Decolonialising Bolivia

César Navarro, political ally of Bolivian President Evo Morales, on the struggle to drive through ch

As news broke that Hugo Chávez had failed to win a referendum on constitutional reform, Bolivian politician César Navarro shook his head and pulled a face.

The Venezuelan president had lost by 51% to 49%, the narrowest of margins and an indication of the depth of the political divisions in Venezuela.

Navarro, the leader of Evo Morales's ruling Movement for Socialism Party (MAS) in Bolivia's chamber of deputies and a firm supporter of Chávez, seemed relatively phlegmatic about the outcome.

Perhaps he didn't know that just a few days later Morales would call a referendum on whether he and the country's nine regional governors should stay in office. Or perhaps he did.

The closeness of the vote in Venezuela could come to mirror Bolivia's own struggle over constitutional reforms which have already led to unrest and bloodshed – mostly recently in Sucre, the country's constitutional capital and home of its supreme court.

Two thirds of Bolivia's population is indigenous – most of them extremely poor. Until Morales, its governments were widely seen as ruling for the benefit of the post-colonialists and others of European descent.

Enthusiasts for the direction MAS is taking argue constitutional reforms will give poorer Bolivians more of a say in the running of their country as well as enshrining the nationalisation of gas and oil resources. Opponents say too much power will transfer to the government.

Navarro says the changes are the most important part of the MAS agenda because they are “fundamentally anti-colonial” and recognise the different indigenous nations that exist within Bolivia's boundaries.

“This doesn't mean the division of the country, it means recognising the indigenous nations in the interior of Bolivia have the right to self-govern without negating the national government, without having a separate constitution,” he says.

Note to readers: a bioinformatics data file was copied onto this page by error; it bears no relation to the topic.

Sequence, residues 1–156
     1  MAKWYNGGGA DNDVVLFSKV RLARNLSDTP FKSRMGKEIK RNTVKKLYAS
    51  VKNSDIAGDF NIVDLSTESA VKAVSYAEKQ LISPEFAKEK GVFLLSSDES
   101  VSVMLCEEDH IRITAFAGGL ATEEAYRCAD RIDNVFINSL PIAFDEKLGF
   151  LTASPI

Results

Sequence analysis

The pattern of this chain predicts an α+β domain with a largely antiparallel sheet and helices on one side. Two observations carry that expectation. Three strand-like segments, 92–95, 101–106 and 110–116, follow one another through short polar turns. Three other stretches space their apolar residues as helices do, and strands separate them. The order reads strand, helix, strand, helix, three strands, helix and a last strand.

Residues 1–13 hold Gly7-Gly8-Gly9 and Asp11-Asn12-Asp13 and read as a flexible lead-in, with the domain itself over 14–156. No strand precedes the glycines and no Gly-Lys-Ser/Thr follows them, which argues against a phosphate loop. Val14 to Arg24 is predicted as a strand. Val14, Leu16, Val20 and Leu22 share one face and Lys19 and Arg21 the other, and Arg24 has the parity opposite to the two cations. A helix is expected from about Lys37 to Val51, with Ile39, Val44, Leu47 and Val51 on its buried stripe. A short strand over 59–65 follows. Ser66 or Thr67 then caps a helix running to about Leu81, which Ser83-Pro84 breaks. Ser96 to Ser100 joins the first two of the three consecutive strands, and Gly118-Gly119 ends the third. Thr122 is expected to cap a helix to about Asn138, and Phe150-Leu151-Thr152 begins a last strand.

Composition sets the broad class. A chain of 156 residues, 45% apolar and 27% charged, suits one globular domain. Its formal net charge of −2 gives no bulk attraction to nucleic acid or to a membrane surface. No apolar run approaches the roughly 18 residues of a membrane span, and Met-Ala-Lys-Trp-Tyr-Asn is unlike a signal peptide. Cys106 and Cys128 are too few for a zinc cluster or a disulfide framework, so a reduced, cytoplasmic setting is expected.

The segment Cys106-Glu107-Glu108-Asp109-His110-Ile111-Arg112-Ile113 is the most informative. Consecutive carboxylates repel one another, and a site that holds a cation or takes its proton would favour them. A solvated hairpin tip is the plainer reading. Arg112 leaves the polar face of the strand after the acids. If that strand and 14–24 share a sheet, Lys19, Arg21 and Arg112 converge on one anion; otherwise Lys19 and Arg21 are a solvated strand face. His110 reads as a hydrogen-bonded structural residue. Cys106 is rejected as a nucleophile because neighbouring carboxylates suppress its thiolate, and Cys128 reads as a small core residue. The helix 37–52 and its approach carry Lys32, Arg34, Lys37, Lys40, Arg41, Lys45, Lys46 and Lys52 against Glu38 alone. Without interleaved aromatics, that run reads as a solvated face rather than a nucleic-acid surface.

“We are talking about broadening rights which means taking away privileges from some sections of society.”

But, of course, the richer segments of Bolivian society have a great capacity to organise – through the privately owned media, through the regional prefectures and in some towns and cities.

“The confrontation is therefore not just going to be at a level of parliamentary and political debate – it's going to be among the social classes, with the indigenous nations and between regions,” he says.

“Bolivia is a long way from a civil war – there won't be a civil war. But you don't discount in some moments there could be a level of confrontation between some social groups and that will be a critical moment for the government.”

Navarro represents Potosí – which bankrolled much of the Spanish empire with its mountain of silver and around which grew what is said to be the highest city in the world.

It's a bleak place, as I found out when I visited in 2004, and there are signs of terrible poverty. Late at night on a Sunday we saw several women fetching their incapably drunk husbands home from bars. Life expectancy among the miners is desperately low – typically they die at around 40.

“Mining in Bolivia operates today much as it did in colonial times,” says Navarro. “There's no reinvestment. Today we can see a lot of mining activity in Potosi – lead, silver and zinc – and they keep on exploiting raw materials but still it remains poor.

“There's a few rich people but the wealth is concentrated in other parts of the country or abroad.”

Navarro says the MAS goal is to create a situation where the local economies don't just depend on one product and its current market value.

“This is a long term vision and if we don't start now a decade down the line we are going to regret it – and we won't be able to blame the capitalists and colonialists, because it will be our fault.”

Of course Morales also runs risks from another direction – the impatience of his own supporters.

“In Bolivia there is much expectation for change but Bolivia, as a state, has great economic limitations.

“For example, we've got a programme for social housing which has generated a lot of expectation at a national level but has the capacity this year to reach just 5% of the population. Expectation mustn't exceed reality!”

So where will the Morales revolution be in 10 year's time?

“All revolutionary processes either impose themselves or they are brought down,” says Navarro.

“You can go for the Nelson Mandela route and have symbolic power leaving the economic muscle where it always was - in the hands of the rich.

“In Bolivia we are trying to create constitutional and judicial power to implement our policies.

“Our success will depend not just on internal factors but also on our neighbours in South America and other countries in the world. So, for example, if a right wing government was to come to power in Brazil they maybe wouldn't want to buy petrol from Bolivia and that would hit our economy.

“There should be collaboration without subordination and that's the message we want to leave – respect for the self-determination of each country.”

Ben Davies trained as a journalist after taking most of the 1990s off. Prior to joining the New Statesman he spent five years working as a politics reporter for the BBC News website. He lives in North London.
Show Hide image